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Edward FIGURES, Appellant-Defendant, v. STATE of Indiana, Appellee-Plaintiff.
Case Summary and Issues
Edward Figures appeals the trial court's order revoking his probation and ordering him to serve the entirety of his previously suspended sentence. Figures raises three issues for our review, which we restate as: 1) whether the trial court abused its discretion in admitting into evidence a probable cause affidavit and case chronology from a previously dismissed battery prosecution; 2) whether sufficient evidence supports the trial court's finding that Figures violated the terms of his probation by committing a criminal offense; and 3) whether the trial court abused its discretion in ordering Figures to serve the entirety of the previously suspended portion of his sentence. We conclude the trial court did not abuse its discretion in admitting the case chronology but did abuse its discretion in admitting the probable cause affidavit. As a result, insufficient evidence supports the trial court's finding that Figures committed a criminal offense. However, in light of the two other probation violations found by the trial court, which Figures does not challenge, the trial court properly revoked his probation, and the sentence imposed upon revocation was not an abuse of the trial court's discretion. Therefore, we affirm the judgment of the trial court.
Facts and Procedural History
In June 2007, Figures was convicted, following a guilty plea, of carrying a handgun without a license, a Class C felony, and sentenced to four years with two years suspended to probation. After serving 365 actual days, Figures was released by the Department of Correction to begin serving the probationary period of his sentence. The conditions of Figures's probation included standard conditions that he not commit a criminal offense and “report as directed to the Probation Department,” as well as special conditions that he complete a “Substance Abuse Evaluation-Treatment if Necessary,” and eighty hours of community service work. Appellant's Appendix at 40. Figures reported to the Probation Department for an intake meeting on October 5, 2008, and completed a substance abuse evaluation. He was instructed to report to his first appointment with a probation officer on November 13, 2008, but failed to report. Figures was also instructed to report to Alpha Counseling for substance abuse treatment on November 3, 2008, but missed that appointment as well. Thereafter, Figures did not report to or have any recorded contact with the Probation Department. In addition, because Figures failed to report to the Probation Department, he was not assigned to a work crew and, as a result, did not complete any community service work.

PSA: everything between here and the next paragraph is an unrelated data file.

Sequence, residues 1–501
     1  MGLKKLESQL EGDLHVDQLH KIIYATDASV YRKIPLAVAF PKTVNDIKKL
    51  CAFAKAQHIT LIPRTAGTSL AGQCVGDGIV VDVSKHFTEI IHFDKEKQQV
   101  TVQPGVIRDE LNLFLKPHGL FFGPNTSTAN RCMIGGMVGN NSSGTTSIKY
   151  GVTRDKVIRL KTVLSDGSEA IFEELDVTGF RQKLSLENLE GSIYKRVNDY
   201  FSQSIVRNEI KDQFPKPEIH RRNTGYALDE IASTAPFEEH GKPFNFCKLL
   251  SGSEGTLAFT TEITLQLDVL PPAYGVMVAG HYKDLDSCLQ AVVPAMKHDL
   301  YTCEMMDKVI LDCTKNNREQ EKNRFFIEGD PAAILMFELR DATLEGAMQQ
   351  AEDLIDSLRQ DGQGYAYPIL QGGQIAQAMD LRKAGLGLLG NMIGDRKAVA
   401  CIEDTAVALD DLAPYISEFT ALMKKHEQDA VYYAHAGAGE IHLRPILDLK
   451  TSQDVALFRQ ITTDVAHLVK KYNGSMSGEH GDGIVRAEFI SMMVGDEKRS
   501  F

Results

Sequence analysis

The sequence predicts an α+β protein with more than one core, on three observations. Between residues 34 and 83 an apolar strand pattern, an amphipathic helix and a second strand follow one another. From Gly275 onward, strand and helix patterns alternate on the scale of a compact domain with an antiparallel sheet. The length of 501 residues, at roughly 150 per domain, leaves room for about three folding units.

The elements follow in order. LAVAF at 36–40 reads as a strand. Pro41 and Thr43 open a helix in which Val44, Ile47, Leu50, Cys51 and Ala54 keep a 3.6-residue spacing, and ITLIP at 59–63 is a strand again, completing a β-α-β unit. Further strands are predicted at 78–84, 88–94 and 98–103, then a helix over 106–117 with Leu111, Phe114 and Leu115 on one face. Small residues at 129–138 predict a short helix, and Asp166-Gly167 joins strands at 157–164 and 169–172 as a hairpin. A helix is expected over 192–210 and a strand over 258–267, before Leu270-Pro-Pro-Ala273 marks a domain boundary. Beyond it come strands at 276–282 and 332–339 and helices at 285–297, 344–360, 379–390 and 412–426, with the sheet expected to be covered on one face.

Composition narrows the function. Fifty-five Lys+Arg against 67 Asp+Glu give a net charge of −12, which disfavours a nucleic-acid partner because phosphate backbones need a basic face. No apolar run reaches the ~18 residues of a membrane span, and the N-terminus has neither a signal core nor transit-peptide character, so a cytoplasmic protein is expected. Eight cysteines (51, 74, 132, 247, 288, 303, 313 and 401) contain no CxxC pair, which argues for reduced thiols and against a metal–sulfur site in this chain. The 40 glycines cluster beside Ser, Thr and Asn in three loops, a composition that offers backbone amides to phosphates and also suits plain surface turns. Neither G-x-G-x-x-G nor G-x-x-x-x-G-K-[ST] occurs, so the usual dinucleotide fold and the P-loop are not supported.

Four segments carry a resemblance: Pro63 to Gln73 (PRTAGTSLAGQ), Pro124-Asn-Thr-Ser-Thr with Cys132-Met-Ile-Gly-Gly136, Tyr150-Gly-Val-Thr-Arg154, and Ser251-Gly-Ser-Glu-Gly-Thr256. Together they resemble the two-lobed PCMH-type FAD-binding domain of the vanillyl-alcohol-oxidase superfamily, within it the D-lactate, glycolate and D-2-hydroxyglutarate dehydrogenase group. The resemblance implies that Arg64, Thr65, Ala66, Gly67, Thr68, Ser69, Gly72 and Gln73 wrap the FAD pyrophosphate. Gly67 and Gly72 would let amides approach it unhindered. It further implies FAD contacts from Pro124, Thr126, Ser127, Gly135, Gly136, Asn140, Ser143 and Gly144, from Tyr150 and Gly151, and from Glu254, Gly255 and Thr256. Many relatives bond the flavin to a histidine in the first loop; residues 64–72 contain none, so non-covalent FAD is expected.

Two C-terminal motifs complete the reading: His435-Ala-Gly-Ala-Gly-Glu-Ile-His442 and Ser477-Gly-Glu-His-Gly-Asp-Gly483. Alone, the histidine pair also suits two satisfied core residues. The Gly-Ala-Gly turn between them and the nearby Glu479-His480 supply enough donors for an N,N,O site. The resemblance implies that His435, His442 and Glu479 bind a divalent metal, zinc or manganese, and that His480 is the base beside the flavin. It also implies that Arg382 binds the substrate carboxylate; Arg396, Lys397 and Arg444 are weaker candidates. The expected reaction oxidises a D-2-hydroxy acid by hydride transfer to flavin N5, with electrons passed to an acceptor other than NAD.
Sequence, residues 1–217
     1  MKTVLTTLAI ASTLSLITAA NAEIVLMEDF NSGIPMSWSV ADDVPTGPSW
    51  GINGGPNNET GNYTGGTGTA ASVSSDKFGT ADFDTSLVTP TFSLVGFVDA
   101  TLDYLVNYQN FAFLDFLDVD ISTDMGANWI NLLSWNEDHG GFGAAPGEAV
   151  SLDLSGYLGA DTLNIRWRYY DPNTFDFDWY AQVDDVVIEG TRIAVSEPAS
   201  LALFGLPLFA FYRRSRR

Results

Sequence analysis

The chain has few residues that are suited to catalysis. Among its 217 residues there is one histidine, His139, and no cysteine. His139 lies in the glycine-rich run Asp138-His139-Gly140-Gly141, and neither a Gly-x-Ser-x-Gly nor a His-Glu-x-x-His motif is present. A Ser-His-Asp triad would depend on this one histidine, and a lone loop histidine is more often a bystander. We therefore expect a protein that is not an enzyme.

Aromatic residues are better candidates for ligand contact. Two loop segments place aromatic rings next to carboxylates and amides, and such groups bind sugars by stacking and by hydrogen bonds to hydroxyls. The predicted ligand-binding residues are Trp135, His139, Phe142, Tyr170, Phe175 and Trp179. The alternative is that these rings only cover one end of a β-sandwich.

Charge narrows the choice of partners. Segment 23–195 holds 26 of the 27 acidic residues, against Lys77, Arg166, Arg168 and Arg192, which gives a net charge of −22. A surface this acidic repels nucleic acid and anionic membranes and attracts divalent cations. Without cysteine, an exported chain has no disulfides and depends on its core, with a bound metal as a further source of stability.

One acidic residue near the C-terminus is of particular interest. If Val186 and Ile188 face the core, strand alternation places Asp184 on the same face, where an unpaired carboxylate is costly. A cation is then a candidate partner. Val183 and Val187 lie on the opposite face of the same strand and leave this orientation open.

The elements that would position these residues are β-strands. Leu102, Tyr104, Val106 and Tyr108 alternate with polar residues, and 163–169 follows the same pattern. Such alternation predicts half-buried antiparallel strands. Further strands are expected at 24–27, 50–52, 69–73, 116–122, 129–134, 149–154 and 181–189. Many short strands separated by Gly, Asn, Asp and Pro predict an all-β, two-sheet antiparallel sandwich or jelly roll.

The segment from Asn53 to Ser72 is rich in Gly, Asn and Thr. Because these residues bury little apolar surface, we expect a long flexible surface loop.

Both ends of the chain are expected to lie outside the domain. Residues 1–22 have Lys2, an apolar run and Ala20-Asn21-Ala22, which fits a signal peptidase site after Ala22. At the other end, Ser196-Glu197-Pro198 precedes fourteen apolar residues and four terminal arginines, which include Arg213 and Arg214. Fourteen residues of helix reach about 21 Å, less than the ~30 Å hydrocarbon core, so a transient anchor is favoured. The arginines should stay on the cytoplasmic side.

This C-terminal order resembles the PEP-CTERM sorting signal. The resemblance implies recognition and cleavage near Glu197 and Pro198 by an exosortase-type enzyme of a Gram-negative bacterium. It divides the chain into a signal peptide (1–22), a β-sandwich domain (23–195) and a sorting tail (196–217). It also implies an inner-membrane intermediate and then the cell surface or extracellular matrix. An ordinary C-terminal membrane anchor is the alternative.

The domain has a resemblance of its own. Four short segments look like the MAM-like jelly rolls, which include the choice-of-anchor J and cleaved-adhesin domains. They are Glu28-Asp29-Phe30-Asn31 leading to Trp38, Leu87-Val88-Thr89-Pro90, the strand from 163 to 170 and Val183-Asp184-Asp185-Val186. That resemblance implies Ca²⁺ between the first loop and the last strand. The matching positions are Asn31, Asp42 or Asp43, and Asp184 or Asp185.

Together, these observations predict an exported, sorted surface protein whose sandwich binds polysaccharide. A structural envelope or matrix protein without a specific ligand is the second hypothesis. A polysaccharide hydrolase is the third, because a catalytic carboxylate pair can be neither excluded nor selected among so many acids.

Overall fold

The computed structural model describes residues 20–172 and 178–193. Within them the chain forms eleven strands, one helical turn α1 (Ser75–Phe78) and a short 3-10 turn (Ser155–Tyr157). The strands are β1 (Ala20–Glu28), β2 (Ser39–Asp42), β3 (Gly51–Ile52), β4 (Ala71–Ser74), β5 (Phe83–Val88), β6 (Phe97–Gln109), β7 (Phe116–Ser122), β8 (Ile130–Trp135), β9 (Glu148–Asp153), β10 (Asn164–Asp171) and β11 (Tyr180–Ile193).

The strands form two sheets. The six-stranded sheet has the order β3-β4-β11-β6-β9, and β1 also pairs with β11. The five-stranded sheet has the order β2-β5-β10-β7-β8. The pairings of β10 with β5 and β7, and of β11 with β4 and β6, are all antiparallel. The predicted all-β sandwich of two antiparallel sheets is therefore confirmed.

Meanwhile, on October 17, 2008, Figures was charged in a separate case, under cause 49G16-0810-FD-236961 (“case 236961”), with domestic battery and battery as Class D felonies or, alternatively, Class A misdemeanors. The trial court in case 236961 found probable cause for the charges and, on October 23, 2008, issued a warrant for Figures's arrest. On December 2, 2008, the Probation Department filed a notice of probation violation alleging Figures violated his probation by failing to report to the Probation Department as directed and failing to comply with the court-ordered substance abuse treatment and community service work and, in addition, had an outstanding probable cause warrant for the charges in case 236961. On April 24, 2009, all the charges in case 236961 were dismissed, upon the State's motion, due to “Evidentiary Problems.” Appellant's App. at 45.
On May 21, 2009, the trial court held a probation revocation hearing, in which it heard testimony regarding Figures's failure to report to the Probation Department and his failure to complete the substance abuse treatment and community service work. In addition, the State offered, and the trial court admitted into evidence over Figures's objection, certified copies of the case chronology and probable cause affidavit from case 236961. Figures's counsel stated: “Our objection is basically based on the factors that we can't cross-examine the alleged authors of those documents to ascertain whether they are reliable hearsay, which would be admissible, Your Honor.” Transcript at 15. The trial court did not explain on the record its reasons for overruling Figures's objection on the grounds of reliability. The case chronology for case 236961 contained an entry for October 23, 2008, stating, in relevant part: “Information and Probable Cause Affidavit filed (H.I.). Probable cause found.” State's Exhibit 1, at 2. The probable cause affidavit stated that on October 10, 2008, Figures arranged to meet his ex-girlfriend Amanda Wilson at a public intersection, and upon meeting Wilson grabbed her hair and left shoulder in an attempt to pull her out of her vehicle and, in addition, bit Wilson's left shoulder causing “extreme pain” and visible bite marks. State's Exhibit 2, at 9. Apart from the case chronology and probable cause affidavit, no testimony was presented to corroborate this version of events.
Figures testified and admitted he failed to report to the Probation Department on November 13, 2008, but explained the reason for his not doing so was the outstanding warrant for his arrest: “the detective called and told me I had a warrant to turn myself in .” Tr. at 16. Figures further admitted he did not report for the court-ordered substance abuse treatment or complete any community service work, but offered the same explanation that his reason for not doing so was the arrest warrant that had been issued.